I think we could use more clarity and consistency when folks refer to their ratings or those of their teammates, opponents, partners. The understanding should be:

*If it ain't a USTA computer rating, it ain't a rating.*

Having a USTA rating doesn't make someone the be all and end all, of course. It does, however, make their observations and opinions about their level a bit more legitimate.

Not only would such an understanding help our discussions at TT, perhaps it would help avoid the current problem of having every tennis social or event become awash with people who are pulling a rating straight out of their backsides. It's really misleading, and I don't see how it helps anyone to introduce more uncertainty into the task of matching up players based on ability.

Yes, yes, I know that those not in the U.S. have to guesstimate their rating. That's fine -- they're unlikely to turn up at my local tennis round robin claiming to be a 4.5 but unable to keep the ball in the court.

It's also a big headache. I'm old school when tennis levels were A (advanced), B (intermediate) and C (beginner) and then Open (5.0 and above). That method was used all through most of the tennis boom and seemed to be less confusing. Their wasn't all this talk, it was either yea he/she is really good or they just started playing.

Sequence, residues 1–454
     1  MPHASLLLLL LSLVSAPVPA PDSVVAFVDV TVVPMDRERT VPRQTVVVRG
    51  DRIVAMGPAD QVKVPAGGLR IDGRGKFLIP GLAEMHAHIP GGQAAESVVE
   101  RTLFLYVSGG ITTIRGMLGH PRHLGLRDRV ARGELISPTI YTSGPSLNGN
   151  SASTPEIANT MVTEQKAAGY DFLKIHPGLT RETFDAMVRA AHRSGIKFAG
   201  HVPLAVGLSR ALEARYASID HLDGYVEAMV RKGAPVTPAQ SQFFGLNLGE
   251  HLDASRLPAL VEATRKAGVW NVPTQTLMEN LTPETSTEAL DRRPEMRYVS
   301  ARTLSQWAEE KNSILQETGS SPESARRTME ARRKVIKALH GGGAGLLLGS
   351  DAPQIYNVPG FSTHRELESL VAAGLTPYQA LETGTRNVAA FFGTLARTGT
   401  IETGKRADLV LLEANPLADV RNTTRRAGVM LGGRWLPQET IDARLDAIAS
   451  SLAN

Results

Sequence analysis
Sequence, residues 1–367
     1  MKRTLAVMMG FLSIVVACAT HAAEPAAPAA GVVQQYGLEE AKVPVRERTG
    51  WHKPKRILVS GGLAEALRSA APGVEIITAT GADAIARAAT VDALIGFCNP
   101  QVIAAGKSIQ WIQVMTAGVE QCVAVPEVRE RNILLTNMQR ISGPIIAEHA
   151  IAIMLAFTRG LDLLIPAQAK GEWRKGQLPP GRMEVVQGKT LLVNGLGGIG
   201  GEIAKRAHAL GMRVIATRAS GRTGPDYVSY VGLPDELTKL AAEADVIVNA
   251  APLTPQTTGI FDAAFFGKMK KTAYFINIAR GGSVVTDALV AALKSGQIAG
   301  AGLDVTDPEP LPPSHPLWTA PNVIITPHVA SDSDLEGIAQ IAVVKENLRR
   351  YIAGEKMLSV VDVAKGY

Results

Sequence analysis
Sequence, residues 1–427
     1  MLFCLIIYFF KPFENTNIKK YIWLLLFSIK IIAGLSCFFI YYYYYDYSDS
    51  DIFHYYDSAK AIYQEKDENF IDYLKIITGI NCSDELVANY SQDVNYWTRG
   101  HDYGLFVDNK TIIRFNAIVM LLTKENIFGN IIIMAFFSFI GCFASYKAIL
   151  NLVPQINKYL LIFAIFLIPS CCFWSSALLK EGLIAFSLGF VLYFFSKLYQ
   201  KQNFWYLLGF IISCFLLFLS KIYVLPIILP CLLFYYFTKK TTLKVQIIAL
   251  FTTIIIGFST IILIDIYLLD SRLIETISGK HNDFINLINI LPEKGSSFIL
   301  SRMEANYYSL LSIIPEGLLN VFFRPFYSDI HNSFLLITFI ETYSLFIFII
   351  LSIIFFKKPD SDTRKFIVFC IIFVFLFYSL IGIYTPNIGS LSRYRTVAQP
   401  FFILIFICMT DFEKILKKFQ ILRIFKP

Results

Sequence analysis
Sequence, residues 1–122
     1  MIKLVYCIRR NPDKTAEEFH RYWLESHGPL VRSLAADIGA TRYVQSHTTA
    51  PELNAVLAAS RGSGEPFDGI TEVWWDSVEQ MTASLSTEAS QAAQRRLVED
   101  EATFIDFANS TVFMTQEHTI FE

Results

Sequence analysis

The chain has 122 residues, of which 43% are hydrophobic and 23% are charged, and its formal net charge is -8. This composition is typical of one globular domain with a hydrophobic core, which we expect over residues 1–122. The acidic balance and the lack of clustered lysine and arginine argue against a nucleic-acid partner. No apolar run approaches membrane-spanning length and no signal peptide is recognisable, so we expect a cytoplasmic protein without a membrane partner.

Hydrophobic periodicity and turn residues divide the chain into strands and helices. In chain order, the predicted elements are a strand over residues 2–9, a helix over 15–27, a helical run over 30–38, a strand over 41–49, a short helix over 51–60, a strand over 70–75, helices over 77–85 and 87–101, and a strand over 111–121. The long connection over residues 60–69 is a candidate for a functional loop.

The NTRP seemed to get stuck in the minutae and then someone decided if you want to compete, that you have to join the USTA and A, B, C and Open was abolished. Personally, I'm not a USTA member and I don't enter any USTA events, that require I join the USTA with the expensive tournament fee. There are plenty of less formal leagues and some non-sanctioned tournaments that you can join and still play/enjoy the game of tennis without all the USTA hangups So, if someone asks me at a social what level are you I just say "been playing about 35 years" I guess I'm 3.5 I don't know never been rated or pay attention to that" That's a fairly safe answer because I know that most recreational players are 3.5. Like, I say I'm old school and still play with my Wilson Pro Staff Classics 30 year old racquets"